Is this the best milk price we will get?
For a while, it seemed as if milk prices were going to increase as the year progressed. That was mostly true so far this year with the July Class III and Class IV prices reaching to the highest levels since December 2014. Class III price dipped slightly in February and June, but continued the uptrend.
For a while, it looked as if August was going to dip lower also, but that changed significantly during the first full week of the month with futures now trading above the July price. The August contract will virtually be priced by the end of this week with only price adjustments thereafter based on the weekly AMS prices. If price holds, it will keep the overall uptrend intact. Current Class II futures show price increases through October with Class IV showing an increase through November.
Current spot cheese prices seem comfortable at current levels. Cheese production is steady with demand being able to absorb production despite slower exports. The June inventory report showed cheese stocks decreasing which is providing support. Spot milk prices are higher and in some cases are difficult to find, but manufacturing plants are able to meet demand without difficulty.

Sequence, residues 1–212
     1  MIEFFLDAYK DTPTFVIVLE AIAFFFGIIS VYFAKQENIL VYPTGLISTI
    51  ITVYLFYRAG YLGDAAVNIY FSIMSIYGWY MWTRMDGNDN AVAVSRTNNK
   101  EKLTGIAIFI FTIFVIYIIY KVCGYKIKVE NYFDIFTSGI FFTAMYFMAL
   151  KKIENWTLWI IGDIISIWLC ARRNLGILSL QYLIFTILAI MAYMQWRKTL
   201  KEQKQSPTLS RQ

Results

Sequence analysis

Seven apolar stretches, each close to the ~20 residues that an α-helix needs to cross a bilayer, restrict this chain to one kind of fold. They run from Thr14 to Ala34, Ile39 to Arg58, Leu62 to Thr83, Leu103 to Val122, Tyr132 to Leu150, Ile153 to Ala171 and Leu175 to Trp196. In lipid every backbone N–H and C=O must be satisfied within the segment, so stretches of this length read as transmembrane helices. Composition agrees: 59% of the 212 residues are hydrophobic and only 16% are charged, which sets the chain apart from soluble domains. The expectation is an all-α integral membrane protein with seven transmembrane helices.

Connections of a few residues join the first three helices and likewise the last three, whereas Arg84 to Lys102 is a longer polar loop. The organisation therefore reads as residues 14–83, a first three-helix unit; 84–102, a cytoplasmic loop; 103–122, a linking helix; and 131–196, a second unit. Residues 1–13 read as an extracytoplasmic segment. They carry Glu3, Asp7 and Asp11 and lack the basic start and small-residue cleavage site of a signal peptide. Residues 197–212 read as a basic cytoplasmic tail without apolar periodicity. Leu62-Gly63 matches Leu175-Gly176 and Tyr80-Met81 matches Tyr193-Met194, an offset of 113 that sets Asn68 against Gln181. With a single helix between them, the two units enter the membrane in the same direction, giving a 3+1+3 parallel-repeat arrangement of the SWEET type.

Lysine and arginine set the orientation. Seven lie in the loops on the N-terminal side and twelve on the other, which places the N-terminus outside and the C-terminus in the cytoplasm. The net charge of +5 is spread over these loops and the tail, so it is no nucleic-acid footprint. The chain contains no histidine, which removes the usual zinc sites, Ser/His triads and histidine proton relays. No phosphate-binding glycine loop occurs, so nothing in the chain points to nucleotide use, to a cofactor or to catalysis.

Milk supply to manufacturing will decrease soon as more milk moves to bottling for school systems. Inventory will need to be dipped into to meet demand. However, the market is not expected to be tight as many buyers have already purchased supply for upcoming expected demand and have been able to increase ownership as sellers have not been shy in offering supply to the spot market. It has been a buyer’s market as buyers have not had to aggressively bid up in order to obtain product. It currently seems that this may be the pattern through the rest of the year.
Butter has had a story of its own. Currently, price is following the pattern of the three years during which price declined in August and later in some of those years. Historically, butter price generally increased in the fall sometimes moving significantly higher as demand increased. However, that pattern has changed due to buyers being more aggressive earlier in the year rather than waiting for order to come in before purchasing more aggressively. They would rather pay storage than chase the market when demand increases. In actuality, the market has been in a sideways price range since late 2017. Prices have been higher and lower than the current level, but the higher or lower trend has been minimal with the range somewhat confined.
The possibility here is that a somewhat range bound butter, nonfat dry milk, and dry whey markets may keep the potential for cheese prices limited. Milk prices are slowly moving the right direction, but unfortunately it may be too slow and too late.
“Reprinted by permission of Farm Journal media, August 2019”
This story originally appeared online on the Farm Journal's Milk webpage.